November 18, 2018

Tips for Reducing the Risk for Alzheimer’s Disease in Women

Five million Americans age 65 and older are living with Alzheimer’s disease (3.2 million of them are women). In her 60s, a woman’s lifetime risk for developing Alzheimer’s is 1 in 6. For breast cancer, it is 1 in 11.

Alzheimer’s is the only cause of death among the top ten in America that cannot be prevented, cured or even slowed. But there are some preventative measures you can take to reduce your risk.

6 Preventative Tips to Reduce Your Risk for Alzheimer’s:

  • Stay active. Regular exercise can go a long way in keeping your brain healthy as you age. In fact, research has found that working out five times a week for 30-minutes can reduce your risk of Alzheimer’s by 50 percent. Vary your workout to combine aerobics, strength and flexibility training within the same exercise session. For example, a step class that includes stretching for a warm-up, and some yoga as a cool-down is a good option.
  • Boost your brain. People who engage in cognitively stimulating activities are 47 percent less likely to be diagnosed with Alzheimer’s disease. In addition, those who frequently engage in leisure activities such as reading, playing board games, playing a musical instrument or dancing are significantly less likely to develop dementia. Get in the habit of doing your paper’s daily crossword puzzle, or try the popular puzzle, Sudoku. Take a class at the local university.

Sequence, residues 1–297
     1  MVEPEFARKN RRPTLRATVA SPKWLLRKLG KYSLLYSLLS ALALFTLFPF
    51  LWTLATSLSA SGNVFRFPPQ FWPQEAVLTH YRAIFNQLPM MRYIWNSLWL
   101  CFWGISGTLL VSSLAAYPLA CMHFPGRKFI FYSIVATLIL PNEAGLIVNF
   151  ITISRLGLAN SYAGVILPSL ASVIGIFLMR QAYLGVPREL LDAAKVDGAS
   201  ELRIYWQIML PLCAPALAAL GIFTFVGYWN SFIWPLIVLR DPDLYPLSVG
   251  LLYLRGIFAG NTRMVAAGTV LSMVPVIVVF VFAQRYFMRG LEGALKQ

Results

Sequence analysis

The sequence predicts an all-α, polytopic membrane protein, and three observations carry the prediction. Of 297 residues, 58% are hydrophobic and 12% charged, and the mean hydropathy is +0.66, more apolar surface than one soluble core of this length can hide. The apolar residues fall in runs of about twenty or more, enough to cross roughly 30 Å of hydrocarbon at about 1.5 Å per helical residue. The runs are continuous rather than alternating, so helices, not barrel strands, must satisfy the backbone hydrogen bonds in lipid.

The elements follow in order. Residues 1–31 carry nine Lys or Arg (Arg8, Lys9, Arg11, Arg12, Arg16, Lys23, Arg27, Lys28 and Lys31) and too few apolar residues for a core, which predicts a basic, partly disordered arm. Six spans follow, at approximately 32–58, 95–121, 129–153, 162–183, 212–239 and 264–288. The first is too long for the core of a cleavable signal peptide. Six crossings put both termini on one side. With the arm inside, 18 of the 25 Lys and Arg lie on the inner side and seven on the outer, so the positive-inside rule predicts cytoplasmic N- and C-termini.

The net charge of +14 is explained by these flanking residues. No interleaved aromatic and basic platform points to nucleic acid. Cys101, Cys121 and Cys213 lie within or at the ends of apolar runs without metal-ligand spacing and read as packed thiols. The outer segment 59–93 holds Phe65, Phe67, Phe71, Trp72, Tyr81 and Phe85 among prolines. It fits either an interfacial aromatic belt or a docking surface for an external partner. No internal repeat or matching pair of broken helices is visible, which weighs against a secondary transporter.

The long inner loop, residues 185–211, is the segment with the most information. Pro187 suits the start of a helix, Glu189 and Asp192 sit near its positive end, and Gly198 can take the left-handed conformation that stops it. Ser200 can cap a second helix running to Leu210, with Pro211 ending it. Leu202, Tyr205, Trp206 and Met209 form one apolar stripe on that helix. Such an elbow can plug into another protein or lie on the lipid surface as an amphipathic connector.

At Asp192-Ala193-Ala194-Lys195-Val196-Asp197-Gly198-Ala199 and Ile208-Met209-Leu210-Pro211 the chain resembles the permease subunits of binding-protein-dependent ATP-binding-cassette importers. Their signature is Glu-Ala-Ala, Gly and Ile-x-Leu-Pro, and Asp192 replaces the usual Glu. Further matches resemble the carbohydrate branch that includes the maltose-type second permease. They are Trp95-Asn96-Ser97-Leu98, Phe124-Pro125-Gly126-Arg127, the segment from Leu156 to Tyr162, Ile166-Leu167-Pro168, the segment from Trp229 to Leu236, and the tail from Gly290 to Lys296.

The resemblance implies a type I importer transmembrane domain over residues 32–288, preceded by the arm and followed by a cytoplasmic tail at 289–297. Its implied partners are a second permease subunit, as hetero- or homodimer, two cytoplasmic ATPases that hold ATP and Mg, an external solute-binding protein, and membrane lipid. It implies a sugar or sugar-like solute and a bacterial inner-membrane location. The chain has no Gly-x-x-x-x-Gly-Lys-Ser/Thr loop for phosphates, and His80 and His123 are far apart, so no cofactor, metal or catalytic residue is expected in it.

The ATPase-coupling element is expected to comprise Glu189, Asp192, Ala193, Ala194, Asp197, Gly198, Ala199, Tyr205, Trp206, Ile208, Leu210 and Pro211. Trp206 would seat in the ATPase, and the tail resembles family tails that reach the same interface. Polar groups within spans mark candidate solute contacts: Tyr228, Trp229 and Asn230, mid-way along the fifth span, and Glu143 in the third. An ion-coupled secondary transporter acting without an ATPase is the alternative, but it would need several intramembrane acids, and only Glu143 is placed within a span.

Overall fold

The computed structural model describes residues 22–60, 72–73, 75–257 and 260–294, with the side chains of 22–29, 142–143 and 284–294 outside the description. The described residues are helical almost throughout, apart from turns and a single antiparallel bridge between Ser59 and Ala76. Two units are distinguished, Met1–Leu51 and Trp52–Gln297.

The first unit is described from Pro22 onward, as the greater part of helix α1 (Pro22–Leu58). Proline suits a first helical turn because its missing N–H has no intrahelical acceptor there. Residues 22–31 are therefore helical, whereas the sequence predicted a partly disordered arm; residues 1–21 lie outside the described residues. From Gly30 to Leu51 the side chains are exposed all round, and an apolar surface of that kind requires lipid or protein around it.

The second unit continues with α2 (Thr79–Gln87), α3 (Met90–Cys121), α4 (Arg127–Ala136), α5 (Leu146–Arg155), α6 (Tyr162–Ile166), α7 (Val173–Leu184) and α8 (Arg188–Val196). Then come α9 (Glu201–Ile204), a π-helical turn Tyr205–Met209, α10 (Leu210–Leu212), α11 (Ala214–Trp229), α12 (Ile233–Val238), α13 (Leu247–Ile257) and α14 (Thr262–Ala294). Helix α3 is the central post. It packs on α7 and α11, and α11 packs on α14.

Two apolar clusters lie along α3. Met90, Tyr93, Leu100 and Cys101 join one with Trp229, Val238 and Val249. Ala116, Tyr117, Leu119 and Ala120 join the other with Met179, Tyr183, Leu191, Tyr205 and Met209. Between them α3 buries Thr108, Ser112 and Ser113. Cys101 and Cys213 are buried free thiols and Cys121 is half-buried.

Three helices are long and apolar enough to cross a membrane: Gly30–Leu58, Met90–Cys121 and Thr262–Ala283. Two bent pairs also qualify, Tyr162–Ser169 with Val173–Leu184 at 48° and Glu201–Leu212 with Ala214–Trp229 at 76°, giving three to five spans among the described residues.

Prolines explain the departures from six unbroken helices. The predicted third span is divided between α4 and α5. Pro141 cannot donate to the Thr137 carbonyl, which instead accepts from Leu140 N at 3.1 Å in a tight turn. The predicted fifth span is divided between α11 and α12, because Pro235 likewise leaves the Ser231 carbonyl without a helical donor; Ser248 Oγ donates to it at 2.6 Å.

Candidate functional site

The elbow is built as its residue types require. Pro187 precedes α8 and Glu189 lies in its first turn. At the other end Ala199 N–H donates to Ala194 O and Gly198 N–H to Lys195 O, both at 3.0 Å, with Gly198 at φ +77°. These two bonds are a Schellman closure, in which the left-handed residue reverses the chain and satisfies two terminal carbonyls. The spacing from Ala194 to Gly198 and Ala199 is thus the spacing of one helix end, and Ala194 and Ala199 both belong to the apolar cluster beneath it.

• Eat well. Increase your intake of fresh fruits and vegetables, while cutting down on unhealthy foods like red meats, fried food, and junk food. Add more fish to your diet, too. Eating fish such as salmon, mackerel, herring, tuna, and whitefish once a week has been associated with a 60 percent reduction in the risk of developing Alzheimer’s disease.
  • Stay connected. Don’t let yourself become isolated. Reach out to friends and family, join a book club, volunteer, or start a new activity outside your home.
  • Keep your heart healthy. Cardiovascular disease has been linked to brain health. Watch your blood pressure. Make lifestyle changes, such as quitting smoking and limiting sodium in your diet.
  • Quit smoking. The risk of developing Alzheimer’s disease or other forms of dementia more than doubles for people who were heavy smokers in their midlife years. The risk of cognitive decline increases with every cigarette, so quit today.

Learn More.